Normal Distributions are the most common distributions in statistics primarily because they describe a lot of natural phenomena. Normal distributions are also known as ‘Gaussian distributions’ or ‘bell curve’, because of the bell shaped curve.
Samples of heights of people, size of things produced by machines, errors in measurements, blood pressure, marks in an examination, wages payed to employees by a company, life span of a species, all of these follows a normal or nearly normal distribution.
I don’t intend to cover a lot of mathematical background regarding normal distributions, still it won’t hurt to know just a few simple mathematical properties of normal distributions:
- Bell curve is symmetrical about mean(which lies at the center)
- mean = median = mode
- Only determining factors of normal distributions are its mean and standard deviation
We can also get a normal distribution from a lot of datasets using Central Limit Theorem(CLT). In layman’s language CLT states that if we take a large number of samples from a population, multiple times and go on plotting these then it will result in a normal distribution(which can be used by a lot of statistical and machine learning models).
A lot of machine learning models assumes that data fed to these models follows a normal distribution. So, after you have got your data cleaned, you should definitely check what distribution it follows. Some of the machine learning and Statistical models which assumes a normally distributed input data are:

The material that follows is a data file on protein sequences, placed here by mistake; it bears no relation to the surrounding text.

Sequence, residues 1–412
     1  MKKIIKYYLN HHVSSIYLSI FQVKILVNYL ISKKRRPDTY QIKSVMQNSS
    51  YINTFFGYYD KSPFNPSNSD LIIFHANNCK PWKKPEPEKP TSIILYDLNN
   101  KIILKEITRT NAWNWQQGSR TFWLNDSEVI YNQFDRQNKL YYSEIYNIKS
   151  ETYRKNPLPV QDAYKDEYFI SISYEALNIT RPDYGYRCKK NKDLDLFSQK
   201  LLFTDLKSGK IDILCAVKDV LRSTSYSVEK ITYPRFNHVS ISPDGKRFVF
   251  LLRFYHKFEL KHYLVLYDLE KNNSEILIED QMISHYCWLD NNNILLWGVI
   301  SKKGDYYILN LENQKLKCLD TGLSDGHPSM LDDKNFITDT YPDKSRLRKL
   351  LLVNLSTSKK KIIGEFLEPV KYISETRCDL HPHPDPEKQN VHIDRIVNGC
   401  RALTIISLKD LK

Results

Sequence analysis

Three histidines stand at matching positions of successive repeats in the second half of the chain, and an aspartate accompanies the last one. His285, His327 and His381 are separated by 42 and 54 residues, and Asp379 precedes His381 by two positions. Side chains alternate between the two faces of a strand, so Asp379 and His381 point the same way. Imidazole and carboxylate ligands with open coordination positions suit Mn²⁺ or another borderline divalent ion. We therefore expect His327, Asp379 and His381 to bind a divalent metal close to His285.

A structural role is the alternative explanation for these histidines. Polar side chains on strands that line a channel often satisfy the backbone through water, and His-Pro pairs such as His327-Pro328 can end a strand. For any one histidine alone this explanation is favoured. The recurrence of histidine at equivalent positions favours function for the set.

- Gaussian naive Bayes
- Least Squares based (regression)models
It is also quite common to transform non-normal data to normal form by applying log, square root or similar transormations.
If plotting the data results in a skewed plot, then it is probably a log-normal distribution(as shown in figure below), which you can transform into normal form, simply by applying a log function on all data points.
Once it is transformed into normal distributions, you are free to use this dataset with models assuming a normal input data(as listed in above section).
As a general approach, Always look at the statistical/probability distributions as your first step in data analysis.